Continuing his “Gone Girl” promotional rounds, filmmaker David Fincher has given a lengthy and refreshingly honest interview with Playboy about his previous works, upcoming films and abandoned projects.
Amongst the surprising revelations? He regrets doing 1997’s “The Game” and says his producer wife advised him strongly not to do it:
“In hindsight, my wife was right. We didn’t figure out the third act, and it was my fault, because I thought if you could just keep your foot on the throttle it would be liberating and funny. I know what I like, and one thing I definitely like is not knowing where a movie is going. These days, though, it’s hard to get audiences to give themselves over. They want to see the whole movie in a 90-second trailer.”
He also spoke at length about his now axed film adaptation of Disney’s “20,000 Leagues Under the Sea”. Rather than focusing on how it failed, he talks about what he intended to do with the movie:
“It was smart and crazy entertaining, with the Nautilus crew fighting every kind of gigantic Ray Harryhausen thing. But it also had this riptide to it. We were doing Osama bin Nemo, a Middle Eastern prince from a wealthy family who has decided that white imperialism is evil and should be resisted.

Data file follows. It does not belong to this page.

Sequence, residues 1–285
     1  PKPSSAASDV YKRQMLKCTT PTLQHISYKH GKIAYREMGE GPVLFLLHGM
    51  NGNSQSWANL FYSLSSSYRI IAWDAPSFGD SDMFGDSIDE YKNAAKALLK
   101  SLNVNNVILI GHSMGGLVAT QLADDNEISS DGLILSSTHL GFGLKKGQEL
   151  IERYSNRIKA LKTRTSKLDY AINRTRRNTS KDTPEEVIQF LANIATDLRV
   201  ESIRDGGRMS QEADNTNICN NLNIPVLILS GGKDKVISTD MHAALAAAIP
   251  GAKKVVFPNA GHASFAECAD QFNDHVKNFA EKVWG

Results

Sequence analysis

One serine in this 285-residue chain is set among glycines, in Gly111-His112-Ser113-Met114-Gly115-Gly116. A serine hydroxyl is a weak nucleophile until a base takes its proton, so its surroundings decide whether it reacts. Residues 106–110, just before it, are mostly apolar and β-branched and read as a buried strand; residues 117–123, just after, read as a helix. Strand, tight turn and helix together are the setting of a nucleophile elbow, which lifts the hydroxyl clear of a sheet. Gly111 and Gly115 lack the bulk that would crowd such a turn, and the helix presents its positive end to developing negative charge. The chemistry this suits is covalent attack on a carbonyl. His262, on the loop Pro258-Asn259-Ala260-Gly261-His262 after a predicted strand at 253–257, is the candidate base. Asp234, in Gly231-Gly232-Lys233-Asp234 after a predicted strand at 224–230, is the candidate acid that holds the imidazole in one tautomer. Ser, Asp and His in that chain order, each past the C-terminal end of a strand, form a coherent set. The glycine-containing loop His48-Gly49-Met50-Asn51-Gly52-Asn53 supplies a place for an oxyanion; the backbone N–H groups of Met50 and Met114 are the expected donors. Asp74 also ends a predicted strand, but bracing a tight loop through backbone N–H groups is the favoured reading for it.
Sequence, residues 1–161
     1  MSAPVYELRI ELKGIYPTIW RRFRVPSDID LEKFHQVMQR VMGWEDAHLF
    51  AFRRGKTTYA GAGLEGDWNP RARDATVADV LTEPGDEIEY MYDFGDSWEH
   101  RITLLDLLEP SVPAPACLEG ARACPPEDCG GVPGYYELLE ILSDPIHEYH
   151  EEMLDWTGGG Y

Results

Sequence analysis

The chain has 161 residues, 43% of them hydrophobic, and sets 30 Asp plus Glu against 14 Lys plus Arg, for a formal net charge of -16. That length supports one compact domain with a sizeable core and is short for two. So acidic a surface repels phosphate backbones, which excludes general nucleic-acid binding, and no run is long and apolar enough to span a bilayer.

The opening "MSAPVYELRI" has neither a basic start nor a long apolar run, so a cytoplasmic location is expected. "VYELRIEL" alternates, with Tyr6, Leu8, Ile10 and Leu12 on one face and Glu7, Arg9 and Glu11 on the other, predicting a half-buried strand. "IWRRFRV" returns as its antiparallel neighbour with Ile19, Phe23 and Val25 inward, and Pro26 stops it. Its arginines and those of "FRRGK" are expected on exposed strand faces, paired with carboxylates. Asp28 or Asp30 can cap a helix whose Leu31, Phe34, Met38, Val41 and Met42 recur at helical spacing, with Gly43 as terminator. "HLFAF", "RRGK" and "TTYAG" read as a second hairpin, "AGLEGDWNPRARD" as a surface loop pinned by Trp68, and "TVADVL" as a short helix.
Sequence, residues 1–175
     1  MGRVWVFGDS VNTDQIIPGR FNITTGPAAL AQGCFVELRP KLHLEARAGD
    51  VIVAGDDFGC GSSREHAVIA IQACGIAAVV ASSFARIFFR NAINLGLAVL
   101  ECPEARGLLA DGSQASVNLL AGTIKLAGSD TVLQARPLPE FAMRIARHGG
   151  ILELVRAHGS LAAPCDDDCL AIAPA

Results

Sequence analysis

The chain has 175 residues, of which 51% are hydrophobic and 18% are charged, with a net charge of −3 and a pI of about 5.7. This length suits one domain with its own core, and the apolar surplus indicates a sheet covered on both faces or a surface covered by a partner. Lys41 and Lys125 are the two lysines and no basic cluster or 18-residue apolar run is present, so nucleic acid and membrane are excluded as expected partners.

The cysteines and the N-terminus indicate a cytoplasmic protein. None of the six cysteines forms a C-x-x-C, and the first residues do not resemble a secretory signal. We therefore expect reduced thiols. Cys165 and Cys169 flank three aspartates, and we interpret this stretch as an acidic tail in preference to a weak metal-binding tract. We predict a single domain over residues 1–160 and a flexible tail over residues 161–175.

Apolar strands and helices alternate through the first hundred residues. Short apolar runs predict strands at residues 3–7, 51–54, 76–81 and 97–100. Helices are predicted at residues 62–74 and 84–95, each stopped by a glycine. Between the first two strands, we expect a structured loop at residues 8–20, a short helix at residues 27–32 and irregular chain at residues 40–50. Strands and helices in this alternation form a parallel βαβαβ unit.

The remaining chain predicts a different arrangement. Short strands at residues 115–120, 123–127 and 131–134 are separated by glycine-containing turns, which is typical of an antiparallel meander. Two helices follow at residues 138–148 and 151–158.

The notion was to put kids in a place where they’d say, ‘I agree with everything he espouses. I take issue with his means – or his ends.’ I really wanted to do it, but in the end I didn’t have the stomach lining for it. A lot of people flourish at Hollywood studios because they’re fear-based. I have a hard time relating to that, because I feel our biggest responsibility is to give the audience something they haven’t seen.
For the full interview, which includes why he finds superhero films “dull,” click here.